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Microbial Ecology

, 57:542 | Cite as

Inherited Fungal and Bacterial Endosymbionts of a Parasitic Wasp and Its Cockroach Host

  • Cara M. Gibson
  • Martha S. Hunter
Original Article

Abstract

Bacterial endosymbionts of insects are increasingly being recognized as common, diverse, and integral to the biology of their hosts. Inherited fungal symbionts have been largely overlooked, however, even though insect guts appear to be a key habitat for an incredible array of fungal diversity. Like bacteria, fungal symbionts also likely play important roles in the ecology and evolution of their insect associates. The objective of this study was to lay the foundations for understanding the roles of the vertically transmitted fungal and bacterial associates of both the brownbanded cockroach, Supella longipalpa, and its parasitic wasp, Comperia merceti. We used culture-dependent and culture-independent molecular methods and phylogenetic analyses in order to identify the symbionts. Two fungal associates of brownbanded cockroaches were found. To our knowledge, this is the first record of vertically transmitted fungal symbionts in the order Blattaria. The wasp was found to house a close relative of one of the cockroach fungi but no bacterial symbionts. Finally, the brownbanded cockroaches also harbored three lineages of bacterial symbionts: Blattabacterium and two lineages of Wolbachia, indicating the number of vertically transmitted symbionts in this insect may be as many as five.

Keywords

Sister Taxon Parasitic Wasp Cytoplasmic Incompatibility Bacterial Symbiont Fungal Symbiont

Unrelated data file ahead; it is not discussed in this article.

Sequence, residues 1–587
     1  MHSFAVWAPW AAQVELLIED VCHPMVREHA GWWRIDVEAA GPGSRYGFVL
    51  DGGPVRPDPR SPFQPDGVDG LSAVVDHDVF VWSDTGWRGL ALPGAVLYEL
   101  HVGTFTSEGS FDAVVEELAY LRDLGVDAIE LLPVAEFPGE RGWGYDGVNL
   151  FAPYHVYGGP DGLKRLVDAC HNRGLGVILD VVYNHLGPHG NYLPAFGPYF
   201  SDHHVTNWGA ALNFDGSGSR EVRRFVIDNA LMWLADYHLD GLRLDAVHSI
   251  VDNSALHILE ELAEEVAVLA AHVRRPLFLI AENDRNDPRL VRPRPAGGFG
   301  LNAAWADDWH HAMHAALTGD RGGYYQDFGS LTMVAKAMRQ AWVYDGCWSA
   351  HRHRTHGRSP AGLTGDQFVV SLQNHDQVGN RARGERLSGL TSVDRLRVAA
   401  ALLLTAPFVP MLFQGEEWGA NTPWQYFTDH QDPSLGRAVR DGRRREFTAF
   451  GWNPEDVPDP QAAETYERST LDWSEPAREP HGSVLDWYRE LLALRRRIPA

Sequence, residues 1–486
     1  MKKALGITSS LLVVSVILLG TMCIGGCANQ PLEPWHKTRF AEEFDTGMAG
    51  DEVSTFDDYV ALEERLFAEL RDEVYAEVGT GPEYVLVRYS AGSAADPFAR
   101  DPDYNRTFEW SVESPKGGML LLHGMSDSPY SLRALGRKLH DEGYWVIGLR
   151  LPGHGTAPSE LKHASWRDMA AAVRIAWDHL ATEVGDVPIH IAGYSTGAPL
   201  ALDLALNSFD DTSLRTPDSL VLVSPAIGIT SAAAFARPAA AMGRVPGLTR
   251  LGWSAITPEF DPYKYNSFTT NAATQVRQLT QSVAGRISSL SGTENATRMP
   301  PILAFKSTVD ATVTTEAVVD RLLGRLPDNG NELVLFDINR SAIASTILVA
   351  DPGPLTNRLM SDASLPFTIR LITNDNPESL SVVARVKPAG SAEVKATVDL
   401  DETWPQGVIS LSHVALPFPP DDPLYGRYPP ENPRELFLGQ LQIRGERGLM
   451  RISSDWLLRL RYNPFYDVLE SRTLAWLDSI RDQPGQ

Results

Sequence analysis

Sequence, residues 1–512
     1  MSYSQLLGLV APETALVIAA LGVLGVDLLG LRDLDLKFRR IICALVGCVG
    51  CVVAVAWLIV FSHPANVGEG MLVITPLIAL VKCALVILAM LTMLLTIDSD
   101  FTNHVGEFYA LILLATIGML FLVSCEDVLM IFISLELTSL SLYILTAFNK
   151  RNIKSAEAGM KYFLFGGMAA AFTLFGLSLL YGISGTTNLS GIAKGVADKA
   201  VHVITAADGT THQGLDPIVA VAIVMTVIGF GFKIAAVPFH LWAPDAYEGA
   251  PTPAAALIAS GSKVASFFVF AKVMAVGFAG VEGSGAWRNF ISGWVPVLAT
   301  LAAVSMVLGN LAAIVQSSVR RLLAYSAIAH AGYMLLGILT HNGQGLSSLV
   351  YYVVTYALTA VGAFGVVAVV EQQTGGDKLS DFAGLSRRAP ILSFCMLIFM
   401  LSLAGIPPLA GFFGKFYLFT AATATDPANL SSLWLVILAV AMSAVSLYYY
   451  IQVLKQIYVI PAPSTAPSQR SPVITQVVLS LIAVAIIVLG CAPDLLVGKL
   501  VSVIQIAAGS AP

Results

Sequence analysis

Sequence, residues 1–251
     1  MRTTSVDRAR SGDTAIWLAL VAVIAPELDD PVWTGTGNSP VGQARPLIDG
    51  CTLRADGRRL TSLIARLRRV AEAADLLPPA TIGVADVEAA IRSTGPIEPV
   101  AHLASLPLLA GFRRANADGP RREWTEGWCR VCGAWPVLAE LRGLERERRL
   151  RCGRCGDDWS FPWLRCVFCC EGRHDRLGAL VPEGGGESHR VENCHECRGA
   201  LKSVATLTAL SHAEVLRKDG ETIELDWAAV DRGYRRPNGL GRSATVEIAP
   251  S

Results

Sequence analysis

These keywords were added by machine and not by the authors. This process is experimental and the keywords may be updated as the learning algorithm improves.

Notes

Acknowledgements

The University of Arizona Departments of Entomology, Ecology and Evolutionary Biology, and Molecular and Cellular Biology supported CMG while conducting this research. In addition, CMG received two small grants: a Mycological Society of America Graduate Fellowship Award and a Center for Insect Science Graduate Student Research Award. This project was supported by the National Research Initiative of the Cooperative State Research, Education and Extension Service, grant (2006-35302-17165), and a National Science Foundation grant (DEB-0542961), both to MSH. We would like to thank M. Hoffman, J. U’Ren, C. Schmidt, A. Swanson, A. Wild, and D. Maddison for helpful discussions about the phylogenetic analysis. We would also like to thank the Hunter Lab Group, J. U’Ren, and two anonymous reviewers for comments on previous drafts of the manuscript and R. VanDriesche for sending us C. merceti.

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Copyright information

© Springer Science+Business Media, LLC 2008

Authors and Affiliations

  1. 1.College of Agriculture and Life Sciences, Department of EntomologyThe University of ArizonaTucsonUSA

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